A Post-it Note in the Sky

A Post-it Note in the Sky

Dr. Terry Segal discusses Rosh Chodesh Nisan and sacred cycles.

Terry Segal
Terry Segal

Rosh Chodesh Nisan began at sundown on Thursday, March 26. This month is referred to in the Torah as chodesh ha-aviv, the month of spring, as it begins the season. In our history, two weeks before the Exodus, Hashem showed Moses the crescent edge of the new moon and set the time clock of the months and seasons on which we still run. From that time on, we’ve been given the opportunity to become aware of, and work with, these constant and sacred cycles.

Most people don’t pay attention to the phases of the moon but, in fact, it’s a mitzvah to sanctify the new moon. It was the first mitzvah given to our people of the newly formed nation of Israel.

Being mindful of the moon’s phases becomes relevant to us today, as a valuable tool for preventing burnout. Go outside, at least two nights a month, to observe the darkness of the new moon and the light of the full moon. You’ll not only ground yourself to the grid of Mother earth, but you can consciously entrain with the moon’s rhythms.

Entrainment refers to the alignment of an individual’s chronobiological, physical and behavioral relationship with the environment in which they live.

Chronobiology is a field of biology that examines the adaptation of living organisms to solar and lunar-related rhythms, like our circadian rhythms, that inform us when to sleep, awaken, eat, etc. We all know what it feels like to travel to different time zones and have to readjust.

When we consciously entrain, or match our rhythms to the cycles of the moon, we wax and move outward to shine brightly at the full moon and then wane, as we pull our energies back in to rest and restore through the new moon.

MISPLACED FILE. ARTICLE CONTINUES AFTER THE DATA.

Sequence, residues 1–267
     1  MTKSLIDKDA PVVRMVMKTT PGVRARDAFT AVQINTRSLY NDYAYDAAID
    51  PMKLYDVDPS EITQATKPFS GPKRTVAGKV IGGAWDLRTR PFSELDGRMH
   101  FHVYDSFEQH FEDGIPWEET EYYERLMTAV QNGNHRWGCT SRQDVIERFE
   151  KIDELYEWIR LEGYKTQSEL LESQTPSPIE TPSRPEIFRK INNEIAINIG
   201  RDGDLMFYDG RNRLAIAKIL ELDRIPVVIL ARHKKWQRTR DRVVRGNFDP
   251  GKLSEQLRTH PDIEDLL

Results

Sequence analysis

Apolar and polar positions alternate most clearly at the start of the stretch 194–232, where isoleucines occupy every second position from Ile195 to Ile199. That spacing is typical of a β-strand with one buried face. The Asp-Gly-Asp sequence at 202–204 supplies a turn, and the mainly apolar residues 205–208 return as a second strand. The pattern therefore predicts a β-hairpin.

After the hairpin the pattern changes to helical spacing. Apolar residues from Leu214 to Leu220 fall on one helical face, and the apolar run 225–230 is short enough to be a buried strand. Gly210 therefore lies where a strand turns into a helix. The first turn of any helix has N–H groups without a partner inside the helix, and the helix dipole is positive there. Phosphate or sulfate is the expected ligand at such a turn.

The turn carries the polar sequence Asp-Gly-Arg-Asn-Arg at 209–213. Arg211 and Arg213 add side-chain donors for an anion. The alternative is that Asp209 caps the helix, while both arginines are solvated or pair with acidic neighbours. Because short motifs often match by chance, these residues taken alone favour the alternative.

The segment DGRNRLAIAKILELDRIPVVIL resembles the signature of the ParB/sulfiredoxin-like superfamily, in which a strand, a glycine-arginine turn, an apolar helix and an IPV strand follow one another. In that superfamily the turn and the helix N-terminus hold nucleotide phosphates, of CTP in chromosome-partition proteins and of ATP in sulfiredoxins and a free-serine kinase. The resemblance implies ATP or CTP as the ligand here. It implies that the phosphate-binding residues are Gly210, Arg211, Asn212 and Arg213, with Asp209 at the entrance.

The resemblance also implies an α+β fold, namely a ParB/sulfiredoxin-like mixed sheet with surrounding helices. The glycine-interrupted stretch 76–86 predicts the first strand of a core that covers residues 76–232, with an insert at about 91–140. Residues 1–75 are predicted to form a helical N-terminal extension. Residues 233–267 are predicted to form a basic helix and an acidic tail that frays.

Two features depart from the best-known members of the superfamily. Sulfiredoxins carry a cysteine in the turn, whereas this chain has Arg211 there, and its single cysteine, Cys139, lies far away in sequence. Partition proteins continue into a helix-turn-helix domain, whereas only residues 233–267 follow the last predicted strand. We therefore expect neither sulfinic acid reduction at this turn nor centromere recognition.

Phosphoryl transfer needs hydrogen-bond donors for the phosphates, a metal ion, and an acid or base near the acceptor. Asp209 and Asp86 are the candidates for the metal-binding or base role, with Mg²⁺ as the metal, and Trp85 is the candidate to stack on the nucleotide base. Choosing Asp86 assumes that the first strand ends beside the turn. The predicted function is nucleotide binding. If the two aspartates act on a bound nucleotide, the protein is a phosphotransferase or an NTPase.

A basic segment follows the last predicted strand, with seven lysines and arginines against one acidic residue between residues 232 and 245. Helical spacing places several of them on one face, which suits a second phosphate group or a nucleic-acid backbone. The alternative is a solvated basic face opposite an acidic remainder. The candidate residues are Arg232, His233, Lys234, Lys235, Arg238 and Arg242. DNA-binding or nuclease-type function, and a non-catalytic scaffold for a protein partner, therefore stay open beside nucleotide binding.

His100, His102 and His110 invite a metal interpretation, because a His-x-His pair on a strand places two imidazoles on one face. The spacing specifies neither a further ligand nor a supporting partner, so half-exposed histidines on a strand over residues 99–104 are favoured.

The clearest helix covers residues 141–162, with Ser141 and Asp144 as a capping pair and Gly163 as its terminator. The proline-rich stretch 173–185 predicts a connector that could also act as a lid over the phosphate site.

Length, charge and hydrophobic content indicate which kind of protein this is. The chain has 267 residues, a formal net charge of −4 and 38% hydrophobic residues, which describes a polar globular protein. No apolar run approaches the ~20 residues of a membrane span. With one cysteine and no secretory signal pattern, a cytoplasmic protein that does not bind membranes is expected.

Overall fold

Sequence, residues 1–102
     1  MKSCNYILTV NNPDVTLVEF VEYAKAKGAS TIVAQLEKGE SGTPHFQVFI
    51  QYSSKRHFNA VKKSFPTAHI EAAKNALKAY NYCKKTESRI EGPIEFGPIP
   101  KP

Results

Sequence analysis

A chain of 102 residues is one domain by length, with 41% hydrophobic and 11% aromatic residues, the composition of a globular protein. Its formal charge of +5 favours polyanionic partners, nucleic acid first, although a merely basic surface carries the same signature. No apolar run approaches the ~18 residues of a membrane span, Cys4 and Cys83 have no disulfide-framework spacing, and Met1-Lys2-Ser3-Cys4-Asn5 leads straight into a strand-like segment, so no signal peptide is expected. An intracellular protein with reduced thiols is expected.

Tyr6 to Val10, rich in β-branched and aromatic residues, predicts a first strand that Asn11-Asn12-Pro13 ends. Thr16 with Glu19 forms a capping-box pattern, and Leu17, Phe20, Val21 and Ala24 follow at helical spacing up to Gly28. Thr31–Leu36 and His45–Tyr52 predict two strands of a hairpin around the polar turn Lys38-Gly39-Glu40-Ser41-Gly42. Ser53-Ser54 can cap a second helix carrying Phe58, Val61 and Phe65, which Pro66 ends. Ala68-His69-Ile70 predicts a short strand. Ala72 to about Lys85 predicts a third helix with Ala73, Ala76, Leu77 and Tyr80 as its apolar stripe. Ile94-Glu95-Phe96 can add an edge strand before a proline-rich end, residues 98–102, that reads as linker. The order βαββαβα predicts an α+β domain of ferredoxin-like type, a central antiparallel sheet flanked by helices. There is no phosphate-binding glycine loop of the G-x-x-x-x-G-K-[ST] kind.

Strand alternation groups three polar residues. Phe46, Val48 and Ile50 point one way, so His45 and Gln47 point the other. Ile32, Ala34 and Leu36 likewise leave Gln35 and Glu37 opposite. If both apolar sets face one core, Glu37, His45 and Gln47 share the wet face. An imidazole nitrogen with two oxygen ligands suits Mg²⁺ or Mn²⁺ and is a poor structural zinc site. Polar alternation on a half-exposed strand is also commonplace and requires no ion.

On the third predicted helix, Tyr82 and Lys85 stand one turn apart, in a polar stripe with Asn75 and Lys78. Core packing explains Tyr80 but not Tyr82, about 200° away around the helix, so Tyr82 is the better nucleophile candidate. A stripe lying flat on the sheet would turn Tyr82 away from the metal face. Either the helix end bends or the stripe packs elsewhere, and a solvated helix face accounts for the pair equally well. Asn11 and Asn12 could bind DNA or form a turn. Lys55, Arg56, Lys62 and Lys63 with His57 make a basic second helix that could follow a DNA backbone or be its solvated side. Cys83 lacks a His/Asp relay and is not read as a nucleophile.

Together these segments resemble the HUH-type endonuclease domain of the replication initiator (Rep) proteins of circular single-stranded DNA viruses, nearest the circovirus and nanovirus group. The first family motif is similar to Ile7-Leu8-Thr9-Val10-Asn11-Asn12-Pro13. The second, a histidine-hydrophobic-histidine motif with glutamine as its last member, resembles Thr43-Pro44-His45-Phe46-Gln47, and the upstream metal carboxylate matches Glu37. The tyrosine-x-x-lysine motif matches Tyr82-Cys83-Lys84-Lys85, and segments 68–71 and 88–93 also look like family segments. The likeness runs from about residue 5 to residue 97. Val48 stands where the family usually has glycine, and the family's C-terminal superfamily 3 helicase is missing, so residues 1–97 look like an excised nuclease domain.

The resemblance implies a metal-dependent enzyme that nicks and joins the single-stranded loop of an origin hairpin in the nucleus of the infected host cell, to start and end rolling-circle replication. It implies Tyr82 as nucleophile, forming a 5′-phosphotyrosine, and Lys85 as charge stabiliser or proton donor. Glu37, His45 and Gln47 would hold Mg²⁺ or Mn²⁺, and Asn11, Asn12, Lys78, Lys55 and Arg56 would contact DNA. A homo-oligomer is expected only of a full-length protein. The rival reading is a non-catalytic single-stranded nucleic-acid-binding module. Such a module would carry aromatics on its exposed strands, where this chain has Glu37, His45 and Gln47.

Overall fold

The moon is so much greater than a Post-it note to remind us to live in balance.

Whenever you’re reading this, look up the moon’s phase if you don’t already know it. Notice if you’re in the time of the waning moon that culminates in the new moon or the waxing moon that arrives at the full moon. If you’re in the two-week period through the waning moon then use this time for resting, restoring and planning. Go inward and evaluate where you’ve been wasting your energy or overdoing it, monitor your activity levels and plant the seeds of your next steps.

Get more sleep and be mindful of the patterns that take you off balance. Then in the next two weeks of the waxing moon, turn your inner light up, ready to shine with the full moon, and take action with your energy at its peak.

The female menstrual cycle parallels the moon cycles of ovulation, when the egg is ripe to be fertilized and propagate new growth, and the arrival of the period, when there is a release and sloughing off of matter that has not been used. The time of a woman’s period is often referred to as her “moon time.”

After you’re in the habit of heightening your awareness to the cycles of the moon and you learn to manipulate your energies so that they wax and wane, widen the lens to look at the larger picture of the passage of time.

For most of us, birthdays mark this passage each year. Are you in the group that celebrates your birthday with special trips, parties or dinner plans, or the group that says, “Oh, it’s just another day; I don’t count them anymore”?

When you’re mindful of the passage of time, rather than mourning it, celebrate by scheduling things you’d like to do or achieve.

Meditation Focus: Sit quietly and imagine yourself in each of the two contrasting phases of quiet introspection and full-blown action. Which one is more natural for you? Are you inclined to constantly be doing and running, over-scheduled and without time to think or check in with yourself? Conversely, maybe you spend a great deal of time alone or in a silent, contemplative mood. Make a plan for the next three months to practice living in the balance between the expression of these two opposing energies.

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